London - Millions of us hunch over our desks every day and move far less than we should, leading to back, neck and shoulder pain.

But there are many other everyday movements we don’t give a second thought to that can wreak havoc on these areas over time.

“The body is like a car - it doesn’t just suddenly break down,” says Adam Dallison, a private osteopath from Surrey. “With a car, things niggle for a while beforehand and become fragile. The human body is exactly the same. It’s the innocuous, repetitive actions that can tip you over the edge into developing injuries.”

Here, the experts reveal the common culprits - and how to minimise their effects on your body.

ONE of the most common mistakes we make is thinking of our backs only when we lift something heavy, says Mr Dallison. “You’re actually more likely to injure it getting a roast out of the oven or picking something off the floor.”

We should always bend our knees when we pick something up, regardless of its weight, he says. “Even something simple such as opening a sash window can cause damage because you’re usually leaning over something and the back is forced into an unnatural position.”

Tim Allardyce, of the British Osteopathic Association, says lifting while twisting can also increase pressure on the spine’s discs, and as a result they degenerate over time.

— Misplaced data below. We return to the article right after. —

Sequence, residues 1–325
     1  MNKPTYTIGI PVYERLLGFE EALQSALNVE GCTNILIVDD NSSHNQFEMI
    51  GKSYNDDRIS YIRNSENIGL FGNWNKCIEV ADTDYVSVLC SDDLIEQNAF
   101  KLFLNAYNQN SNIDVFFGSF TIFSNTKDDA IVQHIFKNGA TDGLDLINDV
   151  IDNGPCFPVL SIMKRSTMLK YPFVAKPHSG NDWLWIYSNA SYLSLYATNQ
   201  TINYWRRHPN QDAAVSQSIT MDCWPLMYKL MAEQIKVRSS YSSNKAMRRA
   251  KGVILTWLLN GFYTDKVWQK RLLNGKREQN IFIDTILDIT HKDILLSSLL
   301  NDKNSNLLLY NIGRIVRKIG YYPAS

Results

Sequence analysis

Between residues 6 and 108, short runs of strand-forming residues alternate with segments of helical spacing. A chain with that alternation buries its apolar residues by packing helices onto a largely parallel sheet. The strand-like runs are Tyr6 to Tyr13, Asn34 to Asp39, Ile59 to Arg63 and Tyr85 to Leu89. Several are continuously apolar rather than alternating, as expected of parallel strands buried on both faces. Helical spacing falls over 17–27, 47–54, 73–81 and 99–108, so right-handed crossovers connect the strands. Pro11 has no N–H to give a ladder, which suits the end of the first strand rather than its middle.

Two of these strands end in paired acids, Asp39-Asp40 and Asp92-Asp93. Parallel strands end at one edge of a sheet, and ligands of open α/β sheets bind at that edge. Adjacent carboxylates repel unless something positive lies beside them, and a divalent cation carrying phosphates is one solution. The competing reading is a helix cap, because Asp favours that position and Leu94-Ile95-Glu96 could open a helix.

A classic lift-and-twist injury is getting luggage out of the boot. Mr Allardyce says: “If you’re lifting something, keep straight on, do not twist, and keep the load as close to your body as you can to reduce pressure on the spine.”

LONG car journeys with children aren’t just a test of your endurance - leaning back to talk to them can play havoc with your neck muscles, too, putting strain on one side, says Mr Dallison. Reaching for things on the back seat can also strain the rotator-cuff muscles in the shoulder.

Sammy Margo, of the Chartered Society of Physiotherapists, says another car?related problem is that many seats are bowl-shaped and slope back, which causes us to slump.

“Slumping exerts the maximum amount of pressure on the discs,” she says. “It also stretches the muscles, nerves and ligaments in the back, causing pain.” She suggests using the headrest while driving to ensure good posture. Mr Allardyce adds that you should sit straight with your bottom pushed back in the seat. He also suggests a McKenzie back support, a cushion that nestles into the lower back, encouraging you to sit with your lower spine curved inwards. It can be attached to chairs or car seats.

If you’re prone to a bad back on long journeys, stop and stretch your legs every hour or so, he adds. “This will take pressure off the back, which is pushed into an unnatural position for too long.”

SMOKERS, especially younger ones, are 31 percent more likely to suffer lower back pain than people who have never smoked, according to Finnish research in the American Journal of Medicine.

Smoking impairs circulation, so less blood may reach the spine and nourish the discs and joints.

Chemicals in cigarettes also reduce bone density, which can lead to osteoporosis, which often affects the spine.

Other Finnish research has found that smoking accelerates the degeneration of discs.